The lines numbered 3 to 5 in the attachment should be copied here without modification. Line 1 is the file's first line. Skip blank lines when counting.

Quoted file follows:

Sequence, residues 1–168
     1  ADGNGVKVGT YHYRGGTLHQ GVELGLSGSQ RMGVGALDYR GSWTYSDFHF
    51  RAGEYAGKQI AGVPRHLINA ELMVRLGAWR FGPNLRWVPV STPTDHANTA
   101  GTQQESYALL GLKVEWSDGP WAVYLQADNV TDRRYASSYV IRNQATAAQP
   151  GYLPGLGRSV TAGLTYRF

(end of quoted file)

    51  RAGEYAGKQI AGVPRHLINA ELMVRLGAWR FGPNLRWVPV STPTDHANTA
   101  GTQQESYALL GLKVEWSDGP WAVYLQADNV TDRRYASSYV IRNQATAAQP
   151  GYLPGLGRSV TAGLTYRF